Assessing the mobility impacts of upcoming transport inventions is difficult by using realised travel indicators alone. A recent Master of Science thesis, completed as a part of VTT’s methodology development work, introduces a conceptual model describing mobility as potential for travel. Its aim is to make personal mobility easier to approach in practise.
Need for new methods
Major changes are under progress in transport. Managing these changes and transport demand requires a better understanding of daily travel. The concept of mobility is well suited to this purpose, as it comprises much more than actual travel. Defined as the potential for movement, in this context movement of people, it includes possibilities and constraints of travel. It can also include people’s preferences, their feelings and their travel decisions.
However, despite the definition, mobility has usually been measured in terms of realised travel indicators (based on descriptive data of past travel), because the potential for travel is hard to capture. Upcoming transport inventions – such as automated driving and new mobility services – can change the prerequisites of travel and have substantial impacts on mobility. For that reason, trying to assess their future impacts by analysing realised present travel does not give sufficient results. Consideration of the other aspects of mobility besides actual travel can increase our understanding of mobility impacts. To make mobility easier to approach in practise, the thesis elaborated the factors of what mobility consists of in the shape of a conceptual model and discusses its potential use.
The mobility model bases on TeleFOT mobility model – that was also used in the DRIVE C2X and TEAM projects –, which provides a structure for the realised part of mobility. This model was supplemented with specialist interviews and a multidisciplinary literature review on travel behaviour and mobility. It was concluded that mobility consists of personal variables, situation-specific and environment-related factors, decision-making and realised mobility.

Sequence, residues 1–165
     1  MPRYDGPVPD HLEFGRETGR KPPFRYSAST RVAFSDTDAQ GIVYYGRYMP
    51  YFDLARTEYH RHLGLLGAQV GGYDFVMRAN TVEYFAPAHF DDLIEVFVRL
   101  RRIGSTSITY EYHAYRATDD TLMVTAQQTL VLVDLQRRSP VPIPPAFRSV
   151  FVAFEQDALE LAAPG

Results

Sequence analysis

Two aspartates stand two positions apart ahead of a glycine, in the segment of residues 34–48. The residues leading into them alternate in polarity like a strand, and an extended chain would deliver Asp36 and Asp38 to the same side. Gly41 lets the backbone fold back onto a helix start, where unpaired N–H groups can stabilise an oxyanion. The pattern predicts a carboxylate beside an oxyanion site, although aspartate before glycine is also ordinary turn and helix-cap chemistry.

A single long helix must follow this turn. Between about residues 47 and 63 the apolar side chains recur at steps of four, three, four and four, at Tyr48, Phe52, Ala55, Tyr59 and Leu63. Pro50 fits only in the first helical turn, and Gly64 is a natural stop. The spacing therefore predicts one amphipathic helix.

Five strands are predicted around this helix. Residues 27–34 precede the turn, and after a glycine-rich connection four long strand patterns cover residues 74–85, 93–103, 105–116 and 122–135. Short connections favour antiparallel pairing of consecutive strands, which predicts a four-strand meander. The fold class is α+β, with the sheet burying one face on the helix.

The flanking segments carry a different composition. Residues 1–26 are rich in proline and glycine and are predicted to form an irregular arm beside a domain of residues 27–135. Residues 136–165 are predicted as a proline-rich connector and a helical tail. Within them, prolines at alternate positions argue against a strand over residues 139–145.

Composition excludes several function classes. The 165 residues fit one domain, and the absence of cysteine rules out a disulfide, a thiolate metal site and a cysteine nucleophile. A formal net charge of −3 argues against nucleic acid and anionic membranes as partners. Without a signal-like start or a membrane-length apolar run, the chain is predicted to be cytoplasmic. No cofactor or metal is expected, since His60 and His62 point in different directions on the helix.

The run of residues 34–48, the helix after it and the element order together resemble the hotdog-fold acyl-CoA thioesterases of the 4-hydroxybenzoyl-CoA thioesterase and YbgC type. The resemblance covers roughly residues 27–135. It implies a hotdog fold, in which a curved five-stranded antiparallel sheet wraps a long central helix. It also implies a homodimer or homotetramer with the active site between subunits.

Background, life situation, personality and identity shape the needs, resources and constraints related to travel. Personal resources do not comprise of time and money alone but cover different kinds of physical abilities and mental resources alike required from one to travel – such as physical and cognitive capability, energy and skills. It is necessary to keep in mind that individuals perceive and estimate situations and alternatives differently, and they have personal preferences for travel. Still, consideration and decision-making bases on individual’s needs and resources. As people are not purely rational beings, emotions and learned routines affect behaviour. Situation-specific and environment-related factors shape mobility for their part.
As travel happens within travel potential, not all trips are realised. Decision-making defines the amount of travel and the way trips are realised: timing and conditions, mode, route, and so forth. Travel quality should not be ignored either.
Multiple factors, dimensions and impact mechanisms are involved in mobility. The mobility model is a way to bring them together in a structured manner. The approach can be used in impact assessment by considering what is changing when a new technology or service emerges. For instance, in the case of driving automation levels, mobility impacts could be assessed by determining how the automation levels change travel experience and travel requirements and how these changes respond to the needs, preferences and personal resources of people. Understanding individual needs, preferences, resources and constraints presumes listening to the subjective experiences of people.
Although dealing with subjectivity is a challenge in transport research, mobility impact assessment of upcoming inventions requires learning from the subjective experiences of people. In the thesis, some survey questions focusing on personal preferences, resources and constraints of daily travel were experimented. One interesting result was that over 80% of the respondents told that their daily mobility is restricted to some extent by low energy or lack of coping – which is not typically considered in travel studies at all.
Interviewing is the traditional method for studying subjective experiences, but the challenge lies in finding suitable questions and making appropriate interpretations. The mobility model can support the design of questionnaires by linking it to the theoretical background. Finding methods for mobility impact assessment is a large and ongoing challenge for researchers.
The thesis can be read and downloaded free of charge by using this link.